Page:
I think of Manhattan, New York, as I put my daughter to sleep. I think of ascending the face of a building, like paper caught in an exchange of air. My thoughts are blockish, grey. Patterned into the tight, potent space between buildings.
I lie next to my daughter. Her sharp fingernails pincer my skin. Holding on to the day. I let my breath drift into her ear like the silence of snow. And snowflakes scud down a New York sky to dissolve in orange-lit gutters.
I think of the dome of Grand Central Station. How cold marbled into its walls and commuters pushed into the rocking subway. A rocking that wraps my arms around my daughter’s body and soothes her under. We are beneath the black trench coat I wore. And she was not there.
I think of reasons why I would remember a city. Each one is extracted from the moorland. How it presses up to the window. I enquire into the stale noise at the back of my head. Why are you thinking of Manhattan, New York? But an owl weeps outside and I cannot shush it out. If I placed the owl under the wheels of a New York yellow taxi, feathers and fine bones and blood would mess into the orange-lit gutter.
My daughter found a barn owl caught in barbed wire, but that was here. Against a drystone wall. The duvet cover is buttoned with shell and feathers cluster into a corner. Sweet, sweet, says my daughter, and chews at my cheek.
Sheep wool caught on reeds is not Manhattan, New York. Nor the dank smell of mist and how it holds drips of water. Nor the spooling of mist into thin threads of yarn that rest on snow-fleeced hills. But I take a knitting needle and punch the dark into the same design of lights I saw at night from the top of the Rockefeller building.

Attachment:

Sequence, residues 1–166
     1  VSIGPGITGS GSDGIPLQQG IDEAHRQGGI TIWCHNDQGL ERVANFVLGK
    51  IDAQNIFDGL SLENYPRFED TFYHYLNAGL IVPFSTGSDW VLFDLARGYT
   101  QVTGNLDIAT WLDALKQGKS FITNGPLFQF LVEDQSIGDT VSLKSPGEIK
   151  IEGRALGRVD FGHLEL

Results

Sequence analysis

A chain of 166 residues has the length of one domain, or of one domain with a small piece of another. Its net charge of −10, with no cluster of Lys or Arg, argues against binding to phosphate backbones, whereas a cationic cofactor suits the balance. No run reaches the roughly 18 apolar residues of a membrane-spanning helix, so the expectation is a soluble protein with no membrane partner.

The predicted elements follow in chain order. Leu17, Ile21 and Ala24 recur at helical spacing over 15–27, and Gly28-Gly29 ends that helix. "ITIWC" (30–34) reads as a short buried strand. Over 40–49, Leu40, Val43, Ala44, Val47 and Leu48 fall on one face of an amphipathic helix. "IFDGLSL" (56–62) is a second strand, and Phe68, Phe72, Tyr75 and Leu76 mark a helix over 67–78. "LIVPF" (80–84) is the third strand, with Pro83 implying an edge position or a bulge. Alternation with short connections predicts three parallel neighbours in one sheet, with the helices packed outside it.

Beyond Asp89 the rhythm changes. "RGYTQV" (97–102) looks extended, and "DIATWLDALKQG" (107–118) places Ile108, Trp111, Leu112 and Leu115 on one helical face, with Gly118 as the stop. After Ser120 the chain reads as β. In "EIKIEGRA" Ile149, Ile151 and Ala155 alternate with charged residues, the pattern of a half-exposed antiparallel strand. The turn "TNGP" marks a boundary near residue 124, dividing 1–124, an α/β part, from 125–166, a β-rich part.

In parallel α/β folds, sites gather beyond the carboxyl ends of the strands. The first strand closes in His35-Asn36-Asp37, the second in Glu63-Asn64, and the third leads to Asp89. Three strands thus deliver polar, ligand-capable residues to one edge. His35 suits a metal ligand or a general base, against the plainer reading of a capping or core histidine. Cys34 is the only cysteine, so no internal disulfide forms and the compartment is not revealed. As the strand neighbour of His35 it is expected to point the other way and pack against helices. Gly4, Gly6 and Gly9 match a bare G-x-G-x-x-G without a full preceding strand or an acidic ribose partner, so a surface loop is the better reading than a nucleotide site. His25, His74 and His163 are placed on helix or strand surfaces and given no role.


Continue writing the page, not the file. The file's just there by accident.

My daughter’s knees press into my hip as I look out over all of Manhattan, New York, and let a soundless laugh fall from my mouth to the ground.
An exhibition at The Bowery Gallery: slapped brush strokes, structural lines, the vertigo of white rooms. Feet hushing on poured concrete, unpaired. Heads turning. Lips whispering approval. My daughter’s toes twitch. It is the first sign of her letting go. Does she think of a place as she falls asleep? Filled with pictures, and rooms, as I do.
The corridor lets in an angle of light and falls on a fact: sixteen years ago, I was in Manhattan, New York. And there were edges. Definition. A grid. I see myself walking from above. I was not cut into pieces. I could push every part of myself along in one straight line. There are no streets like that here.
My daughter is asleep. Her little fingers are hot and twisted in mine.
In Manhattan, New York, difference was a garment against my skin. Expensive and rare. I allowed my accent to plume into coffee shops. Like the fragrant smoke from a thin, black cigar. Now there is nothing about me that is different. And I have nothing to speak about. Nothing I could say about concrete shrapnel falling from the sky, and people covered in dust. I have my daughter, next to me, asleep.
And when I lift out of my body and allow myself to hang like a stretched cloud in the troposphere, caught silver by the moon, I see a mother in Manhattan, New York. She thinks of a house among moorland. Of a gaping green without end.
Lydia Gill is a writer and vocational carer, living in the North York Moors. She is a Writer’s Block North East mentee and a Northern Short Story Festival Academy Writer.